Drug prescription

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Maria is a 46-year-old woman who presents for her yearly physical examination. Her review of systems is significant for fatigue, constipation and hair loss. Her previous medical history is notable only for obesity. She reports her understanding that she should be on a low calorie, low fat diet with moderate aerobic exercise 4-5 times per week but also notes that having a full-time job and four children makes this difficult to achieve.
She has NKDA and takes a multi-vitamin daily. Maria reports a family history of diabetes (mother) and hypertension (brother). She is a nonsmoker. Her diet largely consists of fast food meals. She drinks sweet tea with every meal and an additional 3-4 cups of coffee per day. Previous labs and exam last year are unremarkable.
Vitals today: BP 120/70 mm Hg, pulse 76, temperature 98.7, respirations 18, height 5’9”, weight 225 pounds. Urine dip + glucose, fasting plasma glucose 179 mg/dl, HgbA1C is 7.4%, TSH 8.5mU/L and Free T4 0.1 ng/dl. The physical exam is notable for acanthosis nigricans at the neck but otherwise is normal.
What are your treatment goals for Maria?What is your pharmacologic plan and rationale? (cite with appropriate clinical practice guidelines or scholarly, peer-reviewed journals)What is the mechanism of action for each drug?Please give five teaching points for each drug prescribed.How would you change the plan if her initial HbgA1C was 10.2mg/dL and her fasting blood glucose was 305mg/dL? Provide a detailed alternative plan with the rationale.
Sample Solution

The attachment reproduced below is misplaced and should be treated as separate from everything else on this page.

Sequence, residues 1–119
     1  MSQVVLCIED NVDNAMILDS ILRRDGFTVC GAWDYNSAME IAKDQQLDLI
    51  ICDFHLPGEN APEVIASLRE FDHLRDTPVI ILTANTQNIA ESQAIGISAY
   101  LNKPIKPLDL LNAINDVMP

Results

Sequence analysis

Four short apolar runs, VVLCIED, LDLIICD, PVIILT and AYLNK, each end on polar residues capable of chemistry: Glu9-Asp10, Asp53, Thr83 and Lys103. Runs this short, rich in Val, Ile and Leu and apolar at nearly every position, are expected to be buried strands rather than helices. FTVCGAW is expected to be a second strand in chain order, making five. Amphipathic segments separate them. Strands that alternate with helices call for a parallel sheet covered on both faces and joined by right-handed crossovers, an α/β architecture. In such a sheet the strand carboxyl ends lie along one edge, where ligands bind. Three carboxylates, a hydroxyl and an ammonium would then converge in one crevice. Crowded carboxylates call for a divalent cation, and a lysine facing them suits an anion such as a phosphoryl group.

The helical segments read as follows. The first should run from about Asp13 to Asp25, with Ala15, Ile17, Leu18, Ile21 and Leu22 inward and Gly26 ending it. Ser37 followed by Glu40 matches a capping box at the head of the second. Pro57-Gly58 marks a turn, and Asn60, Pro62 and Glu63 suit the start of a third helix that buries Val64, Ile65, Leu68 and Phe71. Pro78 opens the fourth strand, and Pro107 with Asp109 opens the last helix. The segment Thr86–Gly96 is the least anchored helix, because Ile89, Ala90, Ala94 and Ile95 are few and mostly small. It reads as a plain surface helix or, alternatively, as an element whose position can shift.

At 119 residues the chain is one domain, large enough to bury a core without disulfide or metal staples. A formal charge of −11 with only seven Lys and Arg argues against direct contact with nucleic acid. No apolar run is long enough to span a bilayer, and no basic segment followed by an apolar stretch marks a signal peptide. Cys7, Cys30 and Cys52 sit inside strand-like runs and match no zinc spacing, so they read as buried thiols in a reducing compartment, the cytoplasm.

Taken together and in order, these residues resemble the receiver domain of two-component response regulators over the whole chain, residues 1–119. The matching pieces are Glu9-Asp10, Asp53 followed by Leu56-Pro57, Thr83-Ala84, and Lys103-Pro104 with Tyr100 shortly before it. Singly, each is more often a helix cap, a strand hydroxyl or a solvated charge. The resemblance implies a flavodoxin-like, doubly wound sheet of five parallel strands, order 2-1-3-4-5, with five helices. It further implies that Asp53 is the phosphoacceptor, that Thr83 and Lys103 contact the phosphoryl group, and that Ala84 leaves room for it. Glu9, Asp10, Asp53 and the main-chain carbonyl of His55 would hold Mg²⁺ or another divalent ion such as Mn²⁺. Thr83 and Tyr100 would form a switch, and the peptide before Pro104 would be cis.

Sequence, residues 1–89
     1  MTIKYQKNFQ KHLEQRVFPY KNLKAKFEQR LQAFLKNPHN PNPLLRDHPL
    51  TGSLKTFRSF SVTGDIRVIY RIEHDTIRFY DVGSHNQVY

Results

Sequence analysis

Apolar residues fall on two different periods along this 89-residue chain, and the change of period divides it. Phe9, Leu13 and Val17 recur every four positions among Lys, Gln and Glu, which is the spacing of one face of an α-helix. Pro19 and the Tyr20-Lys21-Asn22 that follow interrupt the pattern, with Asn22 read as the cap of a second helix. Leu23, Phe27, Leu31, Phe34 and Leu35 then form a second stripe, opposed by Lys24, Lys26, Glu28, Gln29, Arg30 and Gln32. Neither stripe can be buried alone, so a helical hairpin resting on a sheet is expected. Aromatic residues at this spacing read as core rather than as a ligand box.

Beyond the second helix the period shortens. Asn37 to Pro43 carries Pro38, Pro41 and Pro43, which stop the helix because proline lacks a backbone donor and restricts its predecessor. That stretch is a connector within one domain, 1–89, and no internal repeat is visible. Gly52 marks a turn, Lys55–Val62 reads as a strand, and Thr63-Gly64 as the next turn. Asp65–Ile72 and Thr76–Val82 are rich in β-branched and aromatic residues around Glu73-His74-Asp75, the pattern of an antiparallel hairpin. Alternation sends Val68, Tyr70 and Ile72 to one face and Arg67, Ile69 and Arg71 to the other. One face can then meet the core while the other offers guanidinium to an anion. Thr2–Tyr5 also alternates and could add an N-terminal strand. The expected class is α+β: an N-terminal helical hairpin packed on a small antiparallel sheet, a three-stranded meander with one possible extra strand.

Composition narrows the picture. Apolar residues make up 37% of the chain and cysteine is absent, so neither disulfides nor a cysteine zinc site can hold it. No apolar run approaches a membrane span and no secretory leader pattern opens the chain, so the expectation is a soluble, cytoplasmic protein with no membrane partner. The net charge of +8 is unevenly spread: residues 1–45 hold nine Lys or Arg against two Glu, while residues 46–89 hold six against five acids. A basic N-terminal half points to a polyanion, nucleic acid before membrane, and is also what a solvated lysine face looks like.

The Western Wall of Jerusalem Guides1orSubmit my paper for investigation Jerusalem is regularly alluded to as the city of three religions. All through the a large number of years that it has existed, this city had been vanquished, demolished, reconstructed, and vanquished again on many occasions—Islamic, Christian, and Jewish powers battled to oversee Jerusalem. There were likewise times when the city was calmly occupied by the delegates of each of the three religions; those were the hours of broad development, advancement, social trade, and exchange. During these periods, a great deal of noteworthy and these days well known spots were raised, which presently fill in as objects of journey for a huge number of individuals everywhere throughout the world. Nonetheless, there is one spot in Jerusalem that isn’t just the most antiquated among all the blessed spots of this city, yet presumably the holiest one: the leftovers of the Second sanctuary, the Western Wall. This is for sure an extraordinary and one of a kind spot; worked in a Jewish city, being a sacred spot for endless Jewish individuals, the Western Wall is, simultaneously, a spot for everybody’s petition. There is no religion whose adepts would be disallowed to ask close to the divider. As the Bible says, when King Solomon manufactured the main Temple, he requested that God hear and answer the supplications of Jewish individuals, yet of others also (1-Kings 8:41-43). In the prophet Isaiah’s disclosures, the Western Wall is classified “a place of supplication for all countries,” and as indicated by the Kabbalah, petitions said close to the divider will climb legitimately to paradise, paying little mind to whom they were said by. As a proof of these accounts, any day when you come the divider, you will see a various group, many ethnicities and several individuals, imploring and crying close to it. Why crying? At the point when the principal Temple was obliterated, the Gates of Heaven, practically every one of them, were closed; the main Gate staying open was known as the Gate of Tears—this is the thing that the legend says; this is the reason individuals, when going to the divider, spill out their tears, and this is the reason the Western Wall is additionally regularly called the Wailing Wall (Jerusalem Insiders Guide). There is a fascinating legend encompassing the pulverization of the Temple. As the development of the Temple began, the work on its various segments was partitioned between different social gatherings. The part presently known as the Western Wall was alloted to needy individuals, who had no cash to procure somebody to carry out their responsibility rather than themselves, and in this manner they needed to function as hard as possible. At the point when Romans decimated the Temple, it was just the Western Wall that endured the pulverization; it is said that the blessed messengers slid from paradise, spreading their wings to secure the Wall, asserting: “This Wall, crafted by poor people, will never be devastated” (Aish.com). This is the reason the Western Wall is the main part of the antiquated Temple that remained practically unblemished. The demolition of the subsequent Temple and the blessed fate of the Western Wall that made Talmudic sages accept: “This is the Western Wall of the Temple, which is never annihilated for the shekhinah [the Divine presence] is in the west” (Bamidbar Rabah 11:63) (GoIsrael). The main Temple, worked by Solomon, was demolished in 586 BC by the Babylonians; the Western Wall and the subsequent Temple was manufactured later by King Herod the Great, wishing to reestablish the Temple to its previous magnificence. The Western Wall was one of four dividers King Herod worked to help the colossal court on which the Temple stood. Its length was very nearly 1,500 feet in length, and the stature arrived at 90 feet; around 60 feet of the Wall went under the ground. The subsequent Temple, in any case, couldn’t dodge the decimation either: in 70 CE, it was torched by the Romans, with the exception of legend says, for the Western Wall. During the division of Jerusalem, somewhere in the range of 1948 and 1967, Jewish individuals were totally isolated from the Wall, as it had happened on many occasions before, when they needed to conquer a wide range of impediments and subject themselves to perils, just to submit a journey to this heavenly place. After the Six Day War in 1967, Jerusalem was brought together, and the Western Wall indeed turned into a position of love, solidarity with the perfect, and the image of adoration and dedication of the Jewish individuals for their Holy City (GoIsrael). The Western Wall is one of the most inexplicable and sacrosanct places on earth. It is said that the supplications verbally expressed close to the Wall are rarely left unanswered. Being a definite representation of the hardships Jewish individuals had experienced for a considerable length of time, the Wall is, simultaneously, an image of confidence and dedication, a blessed spot of journey for individuals all things considered, and a genuine strict marvel that has suffered for a large number of years until present days.>